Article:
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I arrived at university 25 years ago as a young, fresh, undergraduate who thought the best way to witness to Jesus was to make him cool by being cool myself.

I am not sure how I thought this tactic would work, as I was (and still am) a cricket-loving folkie, with a poor sense of style and an even worse haircut.

I thought that if I could dispel the idea that Christians were “uncool” that somehow this would draw people to Christ. Sadly, it did not work; and it will never work.

I read an excellent column explaining why Jesus isn’t Instgrammable. It’s a simple blog on why our attempts to prove ourselves to be cool will not and do not work.

“Climbing big mountains with worship music in your ears; or whitewater rafting while praying at the same time. Or… going to a new coffee shop across town to read the Bible with a skinny flat white” may sound cool – hipster-style things that we could or should be doing, the author noted. Yet, ultimately they have missed the point because “Jesus actually told us it was going to be tough.”

I was listening to someone speak a few years ago about how he was not interested in Jesus because he thought that becoming a Christian would prevent him from doing things he liked doing.

He discovered later, he shared, that it was possible to do all the things he used to love, but this time as a Christian (a nice addition to his already happy life).

This mindset is symptomatic of our age: We don’t want Jesus to truly impact our lives. We don’t actually want to carry a cross; we want all the bits of Christianity that we like, but none of the stuff that makes it hard.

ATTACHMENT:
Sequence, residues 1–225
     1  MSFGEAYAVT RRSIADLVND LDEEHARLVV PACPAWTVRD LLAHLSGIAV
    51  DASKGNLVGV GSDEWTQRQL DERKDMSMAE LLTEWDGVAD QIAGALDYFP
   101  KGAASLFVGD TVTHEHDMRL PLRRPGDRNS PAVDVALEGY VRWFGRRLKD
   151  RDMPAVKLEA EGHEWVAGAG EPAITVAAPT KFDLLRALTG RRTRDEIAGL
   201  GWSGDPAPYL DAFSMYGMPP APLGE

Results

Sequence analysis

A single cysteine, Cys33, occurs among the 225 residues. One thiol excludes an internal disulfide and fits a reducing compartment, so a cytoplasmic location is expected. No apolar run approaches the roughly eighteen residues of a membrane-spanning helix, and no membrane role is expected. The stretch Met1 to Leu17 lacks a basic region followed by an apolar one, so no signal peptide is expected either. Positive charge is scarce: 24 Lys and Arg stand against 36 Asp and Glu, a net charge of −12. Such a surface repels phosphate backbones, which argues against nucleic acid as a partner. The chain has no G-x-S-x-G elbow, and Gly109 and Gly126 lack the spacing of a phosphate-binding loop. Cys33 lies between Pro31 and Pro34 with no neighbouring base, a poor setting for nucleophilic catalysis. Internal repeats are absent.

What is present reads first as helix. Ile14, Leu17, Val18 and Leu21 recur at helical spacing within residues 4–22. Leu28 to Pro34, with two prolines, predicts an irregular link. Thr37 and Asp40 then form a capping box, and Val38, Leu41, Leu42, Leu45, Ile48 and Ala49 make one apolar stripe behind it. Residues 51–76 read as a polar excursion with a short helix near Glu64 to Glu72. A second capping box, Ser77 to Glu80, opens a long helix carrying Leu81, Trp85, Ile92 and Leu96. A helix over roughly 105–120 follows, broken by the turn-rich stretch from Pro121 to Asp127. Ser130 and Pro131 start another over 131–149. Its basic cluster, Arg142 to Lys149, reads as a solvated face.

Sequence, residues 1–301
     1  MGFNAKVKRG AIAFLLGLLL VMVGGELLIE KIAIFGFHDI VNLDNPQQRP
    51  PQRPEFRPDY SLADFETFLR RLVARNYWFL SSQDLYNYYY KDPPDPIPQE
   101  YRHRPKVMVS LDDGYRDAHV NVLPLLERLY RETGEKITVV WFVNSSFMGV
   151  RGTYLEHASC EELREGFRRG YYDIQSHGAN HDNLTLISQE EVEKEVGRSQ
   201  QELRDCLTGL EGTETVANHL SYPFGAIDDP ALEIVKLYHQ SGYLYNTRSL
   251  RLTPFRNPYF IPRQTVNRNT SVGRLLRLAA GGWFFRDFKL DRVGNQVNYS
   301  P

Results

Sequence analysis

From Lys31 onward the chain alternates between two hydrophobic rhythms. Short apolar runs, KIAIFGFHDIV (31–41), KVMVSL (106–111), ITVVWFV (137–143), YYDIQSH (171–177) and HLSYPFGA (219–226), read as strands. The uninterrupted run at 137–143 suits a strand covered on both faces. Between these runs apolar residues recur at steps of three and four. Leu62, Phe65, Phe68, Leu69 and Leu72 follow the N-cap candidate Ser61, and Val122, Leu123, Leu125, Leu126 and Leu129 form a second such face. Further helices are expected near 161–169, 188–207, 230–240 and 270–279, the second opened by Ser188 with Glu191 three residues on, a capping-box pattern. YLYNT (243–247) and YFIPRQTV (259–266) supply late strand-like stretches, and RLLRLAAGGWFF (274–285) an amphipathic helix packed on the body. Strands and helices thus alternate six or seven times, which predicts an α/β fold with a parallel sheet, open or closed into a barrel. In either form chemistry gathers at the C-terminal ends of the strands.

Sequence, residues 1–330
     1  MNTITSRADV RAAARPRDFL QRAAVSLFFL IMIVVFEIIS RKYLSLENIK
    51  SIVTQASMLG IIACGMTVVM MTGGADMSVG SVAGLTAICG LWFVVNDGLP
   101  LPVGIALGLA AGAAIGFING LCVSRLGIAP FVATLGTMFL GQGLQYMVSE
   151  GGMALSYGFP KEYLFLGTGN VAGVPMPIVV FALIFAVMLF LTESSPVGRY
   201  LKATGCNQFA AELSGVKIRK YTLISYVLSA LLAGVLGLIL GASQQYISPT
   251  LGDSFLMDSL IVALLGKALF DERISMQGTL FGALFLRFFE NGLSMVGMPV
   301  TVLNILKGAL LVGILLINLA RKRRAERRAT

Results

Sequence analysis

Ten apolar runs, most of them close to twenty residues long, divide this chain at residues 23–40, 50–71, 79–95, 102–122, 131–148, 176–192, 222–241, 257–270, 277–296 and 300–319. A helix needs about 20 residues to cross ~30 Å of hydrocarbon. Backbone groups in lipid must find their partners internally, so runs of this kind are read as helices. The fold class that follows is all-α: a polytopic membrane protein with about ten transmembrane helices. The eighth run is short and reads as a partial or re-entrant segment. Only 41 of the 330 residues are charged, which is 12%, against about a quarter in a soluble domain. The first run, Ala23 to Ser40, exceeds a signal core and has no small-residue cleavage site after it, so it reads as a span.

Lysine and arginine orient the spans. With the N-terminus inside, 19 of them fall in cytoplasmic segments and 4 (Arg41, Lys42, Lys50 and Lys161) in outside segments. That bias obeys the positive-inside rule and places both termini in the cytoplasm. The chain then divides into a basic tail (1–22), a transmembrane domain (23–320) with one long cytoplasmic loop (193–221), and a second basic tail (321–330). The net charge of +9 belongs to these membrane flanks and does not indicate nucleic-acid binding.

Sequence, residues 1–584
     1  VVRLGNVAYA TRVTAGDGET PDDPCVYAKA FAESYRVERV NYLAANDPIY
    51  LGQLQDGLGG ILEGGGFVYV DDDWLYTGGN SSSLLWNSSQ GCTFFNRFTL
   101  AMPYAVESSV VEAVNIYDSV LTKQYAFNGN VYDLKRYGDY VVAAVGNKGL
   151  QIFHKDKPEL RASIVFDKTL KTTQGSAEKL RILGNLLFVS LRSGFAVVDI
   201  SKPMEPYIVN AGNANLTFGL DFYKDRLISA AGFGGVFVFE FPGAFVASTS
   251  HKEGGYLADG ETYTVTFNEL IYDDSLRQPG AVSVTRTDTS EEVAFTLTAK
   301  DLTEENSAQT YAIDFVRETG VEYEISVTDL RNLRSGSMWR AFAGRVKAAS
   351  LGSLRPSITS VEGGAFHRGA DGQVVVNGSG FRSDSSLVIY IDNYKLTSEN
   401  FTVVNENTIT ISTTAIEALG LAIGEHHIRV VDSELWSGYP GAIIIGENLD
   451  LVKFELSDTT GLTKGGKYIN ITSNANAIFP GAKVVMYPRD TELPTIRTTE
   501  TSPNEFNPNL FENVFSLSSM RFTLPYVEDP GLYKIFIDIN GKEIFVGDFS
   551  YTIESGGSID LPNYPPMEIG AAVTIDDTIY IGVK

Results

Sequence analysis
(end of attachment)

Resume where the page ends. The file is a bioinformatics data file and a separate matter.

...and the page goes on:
Jesus was never afraid to make it hard, and the story of the rich young man (Luke 18:18-3) is a classic example.

What would you have said if that young man approached you with the same question, “What must I do to inherit eternal life?”

Would you be prepared to say to him that he may have to lose everything he loves in order to follow Christ?

We have tried to make a Christianity without sacrifice, to make disciples without discipline and to make Christianity cool, on trend and easy.

But Jesus said, “If you try to hang on to your life, you will lose it. But if you give up your life for my sake, you will save it” (Matthew 16:25).

It is sadly not a trendy, cool thing to say, but Jesus was never up for making the life to which he was calling people trendy or cool.

Jesus warns us to count the cost (Luke 14:25-34). He talks about how we must be prepared to give up our friends and family for the sake of the gospel; he tells fishermen to leave their boats, farmers to leave the plough, children to leave their dead fathers.

Jesus is fundamentally uncool, untrendy and difficult to follow.

I wonder if rather than trying to follow culture, which prizes the trendy things of this world – the latest gadget, the latest haircut, the latest fashion trend, the latest celebrity, which are here today and gone tomorrow – we need to offer something that is timeless, true and tested: the gospel that promises a full life, but not a cool life, not an easy life and not an on-trend life.

That starts with saying what Jesus said, that we need to take up a cross, which will affect the way we live our lives. This may prompt questions that do actually lead people to Christ.

Michael Shaw is minister of Devonport Community Baptist Church, Plymouth, United Kingdom. A version of this article first appeared in the Baptist Times – the online newspaper of the Baptist Union of Great Britain. It is used with permission. You can follow him on Twitter @mikepcshaw.

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